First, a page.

Due to lessened mental and physical capacities, the elderly can be among those most in need of financial planning and personal finance assistance. With age, it’s hard to avoid becoming increasingly reliant on others, including in financial matters. Otherwise forgetfulness leads to bills not being paid and necessary tax and other forms not being submitted, checks being lost, etc. Diminished judgment leads to investments and purchases that are unwise and inappropriate, if not outright scams.
Unfortunately it can be quite expensive to work with a professional financial planner, and an elderly person could easily find him or herself in that unenviable window where they have enough money to worry about how to manage it properly as their capacities diminish, but not enough to comfortably be able to hire a professional to handle matters for them.
There are several options available for someone in that position.
One is to rely on friends and family. Needless to say, this is fraught with risk. Even close family members, including a person’s own adult children, not uncommonly take financial advantage of a vulnerable elderly person. Or, even if there’s no dishonesty like that involved, a well-meaning person can still do damage due to lack of knowledge, poor judgment, or irresponsibility.
If one does turn financial matters in whole or in part over to a friend or family member, this person should be chosen and monitored very carefully:
* It should be someone with a track record for trustworthiness and good judgment.
* It should be someone who has handled their own financial affairs particularly well.
* It should be someone who is not now in difficult straits financially, such that desperation could give rise to temptation.
* It should be someone who has plenty of time and willingness, not a very busy person who is taking on the responsibility reluctantly.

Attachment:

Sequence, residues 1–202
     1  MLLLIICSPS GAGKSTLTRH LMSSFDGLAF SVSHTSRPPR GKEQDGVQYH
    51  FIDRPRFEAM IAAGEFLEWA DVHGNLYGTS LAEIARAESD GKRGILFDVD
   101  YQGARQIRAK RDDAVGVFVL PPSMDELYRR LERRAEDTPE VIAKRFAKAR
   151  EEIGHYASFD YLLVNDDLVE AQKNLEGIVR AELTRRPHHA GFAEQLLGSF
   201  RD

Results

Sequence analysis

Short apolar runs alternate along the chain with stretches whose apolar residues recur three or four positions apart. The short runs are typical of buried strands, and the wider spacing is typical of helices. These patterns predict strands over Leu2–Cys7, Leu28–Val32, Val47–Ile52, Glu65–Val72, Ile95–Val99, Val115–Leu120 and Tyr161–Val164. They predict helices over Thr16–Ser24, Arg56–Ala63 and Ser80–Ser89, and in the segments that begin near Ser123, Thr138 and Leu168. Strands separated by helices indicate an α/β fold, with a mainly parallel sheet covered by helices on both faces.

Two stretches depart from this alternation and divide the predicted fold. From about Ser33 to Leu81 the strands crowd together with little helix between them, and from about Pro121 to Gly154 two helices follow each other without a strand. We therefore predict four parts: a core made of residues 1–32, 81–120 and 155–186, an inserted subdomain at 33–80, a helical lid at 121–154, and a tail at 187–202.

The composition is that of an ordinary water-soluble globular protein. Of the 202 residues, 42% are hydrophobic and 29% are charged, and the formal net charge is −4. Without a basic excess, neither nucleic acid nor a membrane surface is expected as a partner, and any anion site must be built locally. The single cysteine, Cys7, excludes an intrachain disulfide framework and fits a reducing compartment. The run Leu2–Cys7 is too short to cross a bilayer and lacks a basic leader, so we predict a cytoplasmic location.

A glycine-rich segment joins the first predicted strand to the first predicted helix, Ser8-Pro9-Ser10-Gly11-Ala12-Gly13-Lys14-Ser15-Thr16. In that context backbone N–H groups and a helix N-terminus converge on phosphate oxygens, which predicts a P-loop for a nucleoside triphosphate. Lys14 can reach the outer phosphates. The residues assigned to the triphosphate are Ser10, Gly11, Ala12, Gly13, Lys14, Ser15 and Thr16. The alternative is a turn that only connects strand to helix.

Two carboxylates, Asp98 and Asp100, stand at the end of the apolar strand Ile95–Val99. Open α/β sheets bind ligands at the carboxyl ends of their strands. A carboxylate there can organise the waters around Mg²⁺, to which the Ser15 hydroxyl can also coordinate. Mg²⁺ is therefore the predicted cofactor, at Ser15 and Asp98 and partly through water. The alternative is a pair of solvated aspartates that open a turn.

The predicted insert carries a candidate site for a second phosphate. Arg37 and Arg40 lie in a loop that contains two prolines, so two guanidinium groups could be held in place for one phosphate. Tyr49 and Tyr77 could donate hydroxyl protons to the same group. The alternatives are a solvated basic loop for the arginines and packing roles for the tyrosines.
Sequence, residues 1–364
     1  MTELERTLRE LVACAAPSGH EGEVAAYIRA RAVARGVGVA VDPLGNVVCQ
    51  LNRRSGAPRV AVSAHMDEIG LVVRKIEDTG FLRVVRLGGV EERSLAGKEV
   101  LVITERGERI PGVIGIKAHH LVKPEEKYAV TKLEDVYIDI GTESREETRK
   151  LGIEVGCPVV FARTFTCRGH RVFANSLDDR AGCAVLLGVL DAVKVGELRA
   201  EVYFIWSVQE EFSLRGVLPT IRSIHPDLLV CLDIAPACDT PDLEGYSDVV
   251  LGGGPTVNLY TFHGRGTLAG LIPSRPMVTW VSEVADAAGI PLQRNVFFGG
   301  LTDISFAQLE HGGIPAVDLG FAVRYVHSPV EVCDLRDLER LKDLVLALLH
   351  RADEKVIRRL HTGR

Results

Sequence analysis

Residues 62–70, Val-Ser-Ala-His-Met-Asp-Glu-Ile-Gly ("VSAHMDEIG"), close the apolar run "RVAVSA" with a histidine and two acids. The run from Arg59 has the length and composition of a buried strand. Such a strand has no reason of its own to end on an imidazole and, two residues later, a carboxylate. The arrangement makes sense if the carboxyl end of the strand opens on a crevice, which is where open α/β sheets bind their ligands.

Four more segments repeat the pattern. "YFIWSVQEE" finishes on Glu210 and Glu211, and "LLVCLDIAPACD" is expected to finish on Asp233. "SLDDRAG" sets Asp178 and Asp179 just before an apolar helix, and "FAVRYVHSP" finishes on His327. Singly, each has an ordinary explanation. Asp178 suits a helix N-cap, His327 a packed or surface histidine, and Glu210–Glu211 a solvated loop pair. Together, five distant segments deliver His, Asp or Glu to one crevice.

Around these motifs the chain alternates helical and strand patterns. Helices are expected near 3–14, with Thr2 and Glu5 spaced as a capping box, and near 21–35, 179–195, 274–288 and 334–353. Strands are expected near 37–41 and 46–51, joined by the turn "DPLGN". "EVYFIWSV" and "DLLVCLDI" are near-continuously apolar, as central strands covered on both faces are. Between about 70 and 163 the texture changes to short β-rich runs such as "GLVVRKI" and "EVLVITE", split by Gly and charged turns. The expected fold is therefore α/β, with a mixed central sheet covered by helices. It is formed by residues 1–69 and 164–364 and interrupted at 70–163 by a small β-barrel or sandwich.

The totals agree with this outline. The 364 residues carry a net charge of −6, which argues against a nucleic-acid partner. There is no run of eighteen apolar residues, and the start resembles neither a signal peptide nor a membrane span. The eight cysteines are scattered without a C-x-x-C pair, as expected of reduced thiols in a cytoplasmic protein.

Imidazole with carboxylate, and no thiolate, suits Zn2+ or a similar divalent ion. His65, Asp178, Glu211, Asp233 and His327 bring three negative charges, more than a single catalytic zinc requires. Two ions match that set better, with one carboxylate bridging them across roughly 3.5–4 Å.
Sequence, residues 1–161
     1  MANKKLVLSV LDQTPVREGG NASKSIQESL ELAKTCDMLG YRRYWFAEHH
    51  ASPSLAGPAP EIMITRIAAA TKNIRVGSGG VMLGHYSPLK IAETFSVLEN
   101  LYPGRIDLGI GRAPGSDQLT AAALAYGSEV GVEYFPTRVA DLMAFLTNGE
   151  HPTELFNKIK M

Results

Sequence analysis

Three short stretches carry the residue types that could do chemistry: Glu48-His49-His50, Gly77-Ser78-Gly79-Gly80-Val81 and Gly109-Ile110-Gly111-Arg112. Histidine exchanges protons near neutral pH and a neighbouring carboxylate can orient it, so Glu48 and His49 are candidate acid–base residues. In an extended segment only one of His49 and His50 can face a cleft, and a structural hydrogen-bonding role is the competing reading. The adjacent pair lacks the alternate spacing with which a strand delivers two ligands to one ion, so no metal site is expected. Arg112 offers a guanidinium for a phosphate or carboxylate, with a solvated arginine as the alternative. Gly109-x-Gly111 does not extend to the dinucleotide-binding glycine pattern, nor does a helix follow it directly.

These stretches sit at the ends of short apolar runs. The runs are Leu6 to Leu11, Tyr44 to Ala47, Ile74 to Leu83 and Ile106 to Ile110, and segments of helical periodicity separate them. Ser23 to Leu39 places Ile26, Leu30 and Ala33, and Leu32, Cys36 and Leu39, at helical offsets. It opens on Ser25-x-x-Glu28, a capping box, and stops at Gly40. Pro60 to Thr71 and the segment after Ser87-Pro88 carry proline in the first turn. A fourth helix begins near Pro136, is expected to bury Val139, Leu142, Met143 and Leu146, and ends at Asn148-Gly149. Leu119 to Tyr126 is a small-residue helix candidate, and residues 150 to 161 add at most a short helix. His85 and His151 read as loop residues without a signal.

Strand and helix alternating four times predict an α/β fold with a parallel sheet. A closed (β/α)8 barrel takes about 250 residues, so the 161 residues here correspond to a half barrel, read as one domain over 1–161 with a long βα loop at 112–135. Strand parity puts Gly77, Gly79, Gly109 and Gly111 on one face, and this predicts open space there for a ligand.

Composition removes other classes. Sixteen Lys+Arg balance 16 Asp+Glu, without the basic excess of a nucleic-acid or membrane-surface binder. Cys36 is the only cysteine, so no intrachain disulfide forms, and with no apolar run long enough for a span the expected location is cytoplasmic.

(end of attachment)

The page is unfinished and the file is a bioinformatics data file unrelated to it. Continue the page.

* The elderly person with reduced but still nonzero capacities should monitor everything that’s done in their name, rather than trust it’s being handled correctly.
* The person chosen should be willing to handle all the affairs in an aboveboard manner, such that other family and friends will be able to check what is being done and call attention to anything that doesn’t look right.
The other possibility is to use a professional financial planner, but to look for opportunities to do so free.
This has become a little bit harder in recent years, with the demise of the “Project for Financial Independence,” which was a coordinated effort by several leading financial planning organizations to provide pro bono financial guidance to people who could not afford a financial advisor. However, it’s still possible to obtain such assistance:
* Most professional financial planners offer free initial consultations. It may be as little as an hour or two, but it’s sometimes possible to get pointed in the right direction and gain a little more knowledge and skills through such consultations.
* Some financial planners offer a two-tiered system where certain general types of assistance are free, and more specialized types are not. The idea is that the people who are happy with the free services and decide they want more would naturally be inclined to get that from the same party. But one could always just stick with the freebies and still get at least some benefit.
* Though the coordinated “Project for Financial Independence” is defunct, that doesn’t mean there are no longer professional financial planners offering certain pro bono services to suitable clients. The Financial Planning Association and the Foundation for Financial Planning are two starting places for finding pro bono financial planning. The best course of action may be contacting the local chapter of the Financial Planning Association directly to inquire about pro bono financial planning in one’s area.